BS”D Parashat Mishpatim 5780
Rabbi Nachman Kahana
Declining $20,000 of Jewish Money
The Jewish Federation of Rockland County and the Anti-Defamation League awarded a gift of twenty thousand dollars to Mr. Joseph Gluck for his heroic act of preventing a savage attack in a bet knesset in Monsey, NY, and aided in apprehending the attacker.
However, Mr. Gluck, after consulting with his rabbi, rejected the gift because the two donor organizations are pro Zionist, so they do not represent the beliefs and values of his Haredi community. Mr. Gluck told News 12 Brooklyn, “I was not willing to offer my soul for $20,000. My identity for $20,000 was not for sale.”
Mr. Gluck’s rabbi instead raised that amount from people who were inspired by his actions. Rabbi Dovid Feldman explained to News 12, “the ADL and Jewish Federation were about to issue a statement to encourage and promote the Zionist idea of Jewish self-defense, of fighting back, of fighting our enemies, which happens to be contrary to our tradition,“ as reported by the Jerusalem Post.
The Slave Who Refuses to be Freed
The Creator chose to begin the halachic code of the Written Torah (parashat Mishpatim) with matters pertaining to the master-slave relationship. This was done, I believe, in order to impress upon the newly freed slaves the compassionate nature of the Torah, as opposed to Egyptian cruelty in that particular area, which was the most familiar to the Jews after undergoing two centuries of slavery.
Among other details, the parasha sets down the rules regarding a thief who was sold by the court for nonpayment of the principle of his theft (if he can repay the principle but not the additional fine imposed upon him as punishment for his crime, he is not sold into slavery).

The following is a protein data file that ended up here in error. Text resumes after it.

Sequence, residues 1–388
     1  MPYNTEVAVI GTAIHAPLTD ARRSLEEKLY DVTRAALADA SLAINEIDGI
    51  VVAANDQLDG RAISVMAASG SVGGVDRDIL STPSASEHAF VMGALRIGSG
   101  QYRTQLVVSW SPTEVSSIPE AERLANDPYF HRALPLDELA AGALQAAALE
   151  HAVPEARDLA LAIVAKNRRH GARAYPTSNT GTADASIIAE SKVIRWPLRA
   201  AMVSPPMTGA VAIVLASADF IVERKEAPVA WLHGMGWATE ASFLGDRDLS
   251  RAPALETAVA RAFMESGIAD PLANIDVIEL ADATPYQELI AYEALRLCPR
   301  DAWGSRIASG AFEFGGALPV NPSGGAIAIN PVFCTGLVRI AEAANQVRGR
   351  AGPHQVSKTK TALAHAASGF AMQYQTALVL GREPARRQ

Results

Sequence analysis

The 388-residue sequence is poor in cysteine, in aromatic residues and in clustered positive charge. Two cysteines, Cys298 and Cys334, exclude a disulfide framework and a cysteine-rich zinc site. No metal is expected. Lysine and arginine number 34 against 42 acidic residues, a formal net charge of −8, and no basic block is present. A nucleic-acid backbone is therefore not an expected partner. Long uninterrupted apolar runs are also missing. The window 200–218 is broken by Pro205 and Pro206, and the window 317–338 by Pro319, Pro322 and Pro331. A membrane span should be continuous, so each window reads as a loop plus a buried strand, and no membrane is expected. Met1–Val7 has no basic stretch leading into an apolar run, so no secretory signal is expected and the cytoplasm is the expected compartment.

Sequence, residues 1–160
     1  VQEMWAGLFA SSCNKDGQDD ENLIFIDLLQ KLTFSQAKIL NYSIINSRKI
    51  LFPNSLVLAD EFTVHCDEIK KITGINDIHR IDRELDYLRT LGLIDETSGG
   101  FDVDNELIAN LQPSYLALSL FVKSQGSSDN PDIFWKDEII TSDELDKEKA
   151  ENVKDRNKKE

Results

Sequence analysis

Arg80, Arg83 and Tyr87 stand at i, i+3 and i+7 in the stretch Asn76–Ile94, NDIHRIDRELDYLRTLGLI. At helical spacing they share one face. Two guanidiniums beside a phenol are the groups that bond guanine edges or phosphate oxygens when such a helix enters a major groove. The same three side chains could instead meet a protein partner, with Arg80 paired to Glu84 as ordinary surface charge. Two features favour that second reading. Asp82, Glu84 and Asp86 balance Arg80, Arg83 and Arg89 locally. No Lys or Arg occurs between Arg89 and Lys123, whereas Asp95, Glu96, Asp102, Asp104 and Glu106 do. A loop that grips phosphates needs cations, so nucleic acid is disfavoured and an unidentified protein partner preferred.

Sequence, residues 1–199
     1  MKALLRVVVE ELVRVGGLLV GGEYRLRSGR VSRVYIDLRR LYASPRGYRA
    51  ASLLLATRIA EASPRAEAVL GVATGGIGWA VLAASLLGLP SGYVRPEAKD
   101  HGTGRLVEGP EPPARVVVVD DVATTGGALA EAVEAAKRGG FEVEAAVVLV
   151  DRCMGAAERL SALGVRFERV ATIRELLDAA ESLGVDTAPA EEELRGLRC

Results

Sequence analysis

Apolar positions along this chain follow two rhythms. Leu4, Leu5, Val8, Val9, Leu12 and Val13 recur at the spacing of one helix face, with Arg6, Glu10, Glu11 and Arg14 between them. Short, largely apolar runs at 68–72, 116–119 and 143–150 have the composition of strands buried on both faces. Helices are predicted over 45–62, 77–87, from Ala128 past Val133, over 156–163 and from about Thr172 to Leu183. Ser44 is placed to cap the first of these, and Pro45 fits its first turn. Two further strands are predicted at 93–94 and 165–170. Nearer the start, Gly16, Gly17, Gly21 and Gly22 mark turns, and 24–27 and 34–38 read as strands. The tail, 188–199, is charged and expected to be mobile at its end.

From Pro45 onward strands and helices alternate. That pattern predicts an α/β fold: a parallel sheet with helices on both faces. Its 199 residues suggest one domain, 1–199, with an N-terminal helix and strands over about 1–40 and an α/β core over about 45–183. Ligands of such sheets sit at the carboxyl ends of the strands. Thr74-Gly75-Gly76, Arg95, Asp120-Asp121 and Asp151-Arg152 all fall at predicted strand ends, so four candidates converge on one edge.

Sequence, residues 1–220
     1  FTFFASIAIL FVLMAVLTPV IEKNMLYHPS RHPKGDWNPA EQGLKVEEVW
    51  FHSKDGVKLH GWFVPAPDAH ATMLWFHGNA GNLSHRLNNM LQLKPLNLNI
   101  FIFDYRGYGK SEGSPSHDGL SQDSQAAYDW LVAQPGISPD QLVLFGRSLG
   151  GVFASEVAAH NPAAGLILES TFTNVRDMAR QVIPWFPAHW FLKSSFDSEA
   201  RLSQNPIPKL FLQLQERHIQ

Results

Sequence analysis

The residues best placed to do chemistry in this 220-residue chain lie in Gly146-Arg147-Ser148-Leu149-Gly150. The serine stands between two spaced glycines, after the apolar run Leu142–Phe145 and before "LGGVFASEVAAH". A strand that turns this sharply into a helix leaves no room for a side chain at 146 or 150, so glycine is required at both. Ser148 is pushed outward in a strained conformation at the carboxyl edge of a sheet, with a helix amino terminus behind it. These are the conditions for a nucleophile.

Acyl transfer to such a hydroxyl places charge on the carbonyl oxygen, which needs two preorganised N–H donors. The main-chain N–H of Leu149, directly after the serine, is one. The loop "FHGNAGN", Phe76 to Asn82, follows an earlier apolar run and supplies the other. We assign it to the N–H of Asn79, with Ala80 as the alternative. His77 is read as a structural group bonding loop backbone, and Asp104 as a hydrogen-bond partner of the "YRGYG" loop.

During the time of his servitude, the Torah grants the master the right to couple the Jewish slave with a non-Jewish slave woman for purposes of procreation, as is stated (Shemot 21:4):
אם אדניו יתן לו אשה וילדה לו בנים או בנות האשה וילדיה תהיה לאדניה והוא יצא בגפו
If his master gives him a non-Jewish slave woman and she should give birth to children, she and her children remain slaves when the time for his release arrives
After his six-year period of bondage, he is free to leave. However, if he should choose to remain (with his master’s consent), he is taken to the court where he declares his desire to remain a slave and his right ear is pierced. He then continues to serve until the Yovel (Jubilee Year.) This person is defined in halacha as an eved nirtza, a “pierced slave”.
What does Mr. Gluck, his rabbi and his community have in common with the ever nirtza, the pierced ear slave? Answer: everything.
The eved nirtza lives in a state of virtual reality of his own making, as apparent from his delusional declaration before the court (Ibid verse 5)…
ואם אמר יאמר העבד אהבתי את אדני את אשתי ואת בני לא אצא חפשי
And if the slave says, “I love my master, my wife and my children I will not go free”
Nothing in this declaration is real. The master is no longer his “master,” because the time for his freedom has arrived. The woman is not his “wife”, since there cannot exist a halachic husband-wife relationship where one of the partners is not Jewish. And the children are not halachically his, because, like their mother they are non-Jewish slaves!